S.M.A.R.T. Goals are used to help guide goal setting; to ensure that you’re focusing your attention and your resources in the right places to achieve the things that are most important to you.
They can help you identify if what you want to achieve is realistic, and help you determine a timeframe/deadline.
S.M.A.R.T Goals are essentially statements of what you are working to actually accomplish—they’re specific and concise enough that you can easily measure progress and success, but “big picture” enough that they include information relevant to the core outcomes you want to achieve.
S.M.A.R.T. stands for:
- S – Specific
- M – Measurable
- A – Achievable
- R – Realistic
- T – Time-Bound
Because S.M.A.R.T. Goals are designed to foster success, the language used in them should be positive. Still, people often set themselves up for failure by setting overly general goals for themselves.
Here are some examples:
“I want to be healthier.”
“I want to become the best at ______ in the world.”
While this is very positive language, goals that are specific are significantly more likely to be accomplished. Therefore, when crafting a S.M.A.R.T. Goal, the five “W”s should be addressed.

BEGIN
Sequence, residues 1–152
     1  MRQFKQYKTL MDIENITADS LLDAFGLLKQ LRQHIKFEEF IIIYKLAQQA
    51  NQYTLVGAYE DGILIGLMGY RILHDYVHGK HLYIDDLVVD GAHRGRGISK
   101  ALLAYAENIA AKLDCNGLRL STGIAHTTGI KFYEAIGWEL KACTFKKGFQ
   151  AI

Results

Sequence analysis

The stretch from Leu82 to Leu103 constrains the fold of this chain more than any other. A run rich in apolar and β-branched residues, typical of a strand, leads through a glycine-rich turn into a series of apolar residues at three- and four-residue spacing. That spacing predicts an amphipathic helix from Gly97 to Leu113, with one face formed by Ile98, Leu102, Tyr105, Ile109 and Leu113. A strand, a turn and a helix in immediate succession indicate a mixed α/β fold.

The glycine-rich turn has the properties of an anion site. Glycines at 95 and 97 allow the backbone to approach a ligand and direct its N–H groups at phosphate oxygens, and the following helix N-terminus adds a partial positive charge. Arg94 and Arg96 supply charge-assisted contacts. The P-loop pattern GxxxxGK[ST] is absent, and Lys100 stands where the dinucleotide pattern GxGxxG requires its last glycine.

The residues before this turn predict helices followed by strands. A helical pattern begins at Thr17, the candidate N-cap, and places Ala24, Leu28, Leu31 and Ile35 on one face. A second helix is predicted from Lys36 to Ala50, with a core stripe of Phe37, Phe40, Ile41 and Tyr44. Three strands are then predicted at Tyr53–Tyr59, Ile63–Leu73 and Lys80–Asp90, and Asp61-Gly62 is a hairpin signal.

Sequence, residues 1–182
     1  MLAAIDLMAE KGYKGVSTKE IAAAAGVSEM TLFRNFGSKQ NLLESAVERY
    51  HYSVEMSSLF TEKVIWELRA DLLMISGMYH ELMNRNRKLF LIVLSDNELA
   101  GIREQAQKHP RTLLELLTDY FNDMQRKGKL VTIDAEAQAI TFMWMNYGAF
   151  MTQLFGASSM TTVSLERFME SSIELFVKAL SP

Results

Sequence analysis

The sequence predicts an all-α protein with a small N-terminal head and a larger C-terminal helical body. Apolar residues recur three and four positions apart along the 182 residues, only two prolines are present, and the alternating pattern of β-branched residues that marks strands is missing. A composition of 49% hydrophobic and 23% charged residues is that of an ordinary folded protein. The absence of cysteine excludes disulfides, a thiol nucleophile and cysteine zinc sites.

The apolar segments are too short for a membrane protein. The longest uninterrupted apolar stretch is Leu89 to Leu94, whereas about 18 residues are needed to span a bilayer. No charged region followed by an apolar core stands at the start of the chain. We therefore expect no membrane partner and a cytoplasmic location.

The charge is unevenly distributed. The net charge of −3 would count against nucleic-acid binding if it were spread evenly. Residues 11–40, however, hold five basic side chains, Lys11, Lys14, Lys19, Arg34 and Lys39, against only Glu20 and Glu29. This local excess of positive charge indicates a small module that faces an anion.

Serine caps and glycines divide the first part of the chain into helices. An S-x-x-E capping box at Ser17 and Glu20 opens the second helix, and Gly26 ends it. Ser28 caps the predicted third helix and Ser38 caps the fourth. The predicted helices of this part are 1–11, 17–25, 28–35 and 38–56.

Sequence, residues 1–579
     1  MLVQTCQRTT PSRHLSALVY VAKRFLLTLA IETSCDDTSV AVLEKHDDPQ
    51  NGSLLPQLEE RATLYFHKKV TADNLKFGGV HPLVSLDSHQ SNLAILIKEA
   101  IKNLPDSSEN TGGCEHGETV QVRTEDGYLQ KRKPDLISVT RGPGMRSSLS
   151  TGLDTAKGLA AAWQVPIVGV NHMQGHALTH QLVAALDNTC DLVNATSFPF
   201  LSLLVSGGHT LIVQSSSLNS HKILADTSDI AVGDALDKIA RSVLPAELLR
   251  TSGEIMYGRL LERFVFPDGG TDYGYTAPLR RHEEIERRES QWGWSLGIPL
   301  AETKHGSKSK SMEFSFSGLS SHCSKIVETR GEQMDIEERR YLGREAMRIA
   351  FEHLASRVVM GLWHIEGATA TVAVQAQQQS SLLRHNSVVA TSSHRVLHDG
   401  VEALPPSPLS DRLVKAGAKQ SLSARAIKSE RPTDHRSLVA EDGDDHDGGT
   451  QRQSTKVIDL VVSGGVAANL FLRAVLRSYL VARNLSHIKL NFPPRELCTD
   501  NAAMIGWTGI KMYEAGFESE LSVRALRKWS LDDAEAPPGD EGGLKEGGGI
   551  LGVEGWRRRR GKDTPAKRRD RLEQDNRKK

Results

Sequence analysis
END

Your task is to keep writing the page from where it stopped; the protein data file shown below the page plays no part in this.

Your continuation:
- Who – What individuals (or entities) are involved in achieving the goal?
- What – What is it that you want to accomplish?
- Where – Where will the goal be accomplished?
- When – When do you want to successfully achieve the goal?
- Why – Why is this goal something that you want to achieve?
S.M.A.R.T. goals need to have some way to measure progress toward them.
Without any mile markers along the way, there’s no way to determine how close you are to meeting your goal—or whether you’re on the right track to reach it at all.
For this section, you should focus on these questions:
- What tools or skills do I need to accomplish this goal?
- Do I already have these tools/skills? (If not, can I attain them? What will I need to attain them?)
Is the goal within your reach?
If it isn’t at the moment, will it be within your reach given enough time, effort, and resources?
If both of these are true, is this goal something you’re able to commit to?
It’s easy to set goals, but without realistic timing, people often set themselves up for failure.
Moreover, goals that are not constrained by time at all—without any sense of urgency—naturally produce less motivation in us to achieve them.
Therefore, to set a S.M.A.R.T. Goal, you need to answer these time-related questions:
- Does my goal have a deadline? If so, when is it?
- By when do I want to achieve this goal?
Once you’ve gone through each of the five S.M.A.R.T. characteristics, you can consolidate the information and craft a single goal statement.
Writing a S.M.A.R.T. goal shouldn’t be discouraging, demotivating, or daunting—it should be an inspiring, motivating, and enlightening process.